Madame Kinney Answers Your Mindfulness Questions

Olivia Ballet and Maisie Zipfel

Stress is a part of human life, but during a pandemic, it is only natural that those levels of stress increase. The coronavirus pandemic has changed every aspect of our lives and the negative mental effects will have a long-lasting impact. A representative study of Americans shows that 55% more people reported higher stress levels in May compared to their stress levels in March. That being said, it is scientifically proven that the practice of mindfulness and meditation can help lower stress levels, along with a string of other mental and physical illnesses. Mindfulness is a specific technique originating from Buddhist traditions. This practice was quite common in the East long before it started to become popularized in the Western Hemisphere. Mindfulness is a way of thinking, behaving, and perceiving one’s own emotions. The purpose of this technique is to notice present thoughts, feelings, and other internal sensations without judgment. In the past few decades, public interest in meditative practices has skyrocketed. This can most likely be attributed to the increased attention meditation has been getting from a scientific standpoint. Whether one suffers from diagnosed depression or simply struggles with everyday stress levels, mindfulness can be of benefit. Developing a specific mindfulness practice or routine has been scientifically proven to provide a large spectrum of positive benefits for the mind, body, and soul. It benefits those with a large variety of physical and mental conditions, including psoriasis, anxiety, depression, and post-traumatic stress disorder. Psychological functioning can be greatly improved due to regular mindfulness instruction, which in turn reduces the negative effects of stress and trauma-associated symptoms. With these benefits in mind, many JBS teachers have begun to incorporate mindfulness practices into their daily teachings. A teacher who strongly believes in the benefits of mindfulness and incorporates these practices often to aid their students is Madame Kinney. We interviewed Madame Kinney on what mindfulness means to her, how it can aid in throughout finals, and why she chooses to teach mindfulness in her classes, particularly in tenth-grade Diversity Seminar.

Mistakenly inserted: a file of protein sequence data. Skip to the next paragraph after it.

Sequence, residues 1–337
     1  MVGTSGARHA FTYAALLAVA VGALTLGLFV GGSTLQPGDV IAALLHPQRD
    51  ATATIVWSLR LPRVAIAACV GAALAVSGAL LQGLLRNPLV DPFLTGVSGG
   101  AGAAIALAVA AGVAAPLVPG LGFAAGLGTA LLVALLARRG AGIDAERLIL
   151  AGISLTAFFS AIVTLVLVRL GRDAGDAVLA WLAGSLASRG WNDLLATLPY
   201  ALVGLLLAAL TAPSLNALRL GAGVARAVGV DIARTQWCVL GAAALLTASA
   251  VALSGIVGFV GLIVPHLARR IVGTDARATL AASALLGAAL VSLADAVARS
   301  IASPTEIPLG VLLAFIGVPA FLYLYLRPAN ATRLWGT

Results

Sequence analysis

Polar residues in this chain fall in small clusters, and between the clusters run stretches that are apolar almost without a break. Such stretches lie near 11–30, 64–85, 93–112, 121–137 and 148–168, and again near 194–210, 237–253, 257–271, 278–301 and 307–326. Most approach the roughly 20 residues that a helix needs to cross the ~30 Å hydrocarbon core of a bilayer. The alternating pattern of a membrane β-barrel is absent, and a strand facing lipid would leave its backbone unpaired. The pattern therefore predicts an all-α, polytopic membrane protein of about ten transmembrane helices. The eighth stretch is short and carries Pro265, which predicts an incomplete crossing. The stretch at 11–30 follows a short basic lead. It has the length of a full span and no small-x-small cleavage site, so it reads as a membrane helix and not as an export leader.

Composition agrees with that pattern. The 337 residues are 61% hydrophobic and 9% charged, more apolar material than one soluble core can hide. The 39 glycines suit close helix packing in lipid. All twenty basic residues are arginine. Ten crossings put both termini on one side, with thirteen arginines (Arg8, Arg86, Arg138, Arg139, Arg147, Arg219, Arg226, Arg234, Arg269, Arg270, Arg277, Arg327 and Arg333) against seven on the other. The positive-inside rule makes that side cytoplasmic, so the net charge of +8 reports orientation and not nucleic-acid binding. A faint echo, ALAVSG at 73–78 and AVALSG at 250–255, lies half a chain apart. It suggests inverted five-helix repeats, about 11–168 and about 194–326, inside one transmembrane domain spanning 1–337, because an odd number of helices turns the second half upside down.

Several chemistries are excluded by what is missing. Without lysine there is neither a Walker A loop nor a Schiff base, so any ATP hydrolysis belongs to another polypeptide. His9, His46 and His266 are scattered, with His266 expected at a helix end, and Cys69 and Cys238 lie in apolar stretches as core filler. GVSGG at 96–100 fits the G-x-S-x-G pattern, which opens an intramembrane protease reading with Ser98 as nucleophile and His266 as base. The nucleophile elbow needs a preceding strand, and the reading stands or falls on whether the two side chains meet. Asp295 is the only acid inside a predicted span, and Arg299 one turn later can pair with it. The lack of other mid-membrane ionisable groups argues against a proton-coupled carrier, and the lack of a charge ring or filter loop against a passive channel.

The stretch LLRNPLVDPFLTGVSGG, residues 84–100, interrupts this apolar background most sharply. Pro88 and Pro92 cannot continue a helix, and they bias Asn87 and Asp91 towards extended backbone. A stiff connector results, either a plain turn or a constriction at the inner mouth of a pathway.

Q: How would you define mindfulness?

A: Mindfulness, at its core, is about anchoring us to the present moment. It sounds simple, but it is really profound. In any given moment, our minds and our emotions are often bouncing around– thinking about, remembering, imagining, emotionally responding to, or stressing about events from the past or imagined/predicted situations that have yet to come. This is totally human, but is largely unproductive from a moment-to-moment perspective. It is really important to reflect on the past and to plan for the future, but we cannot spend all day doing that or we never actually live and experience daily life in the present moment.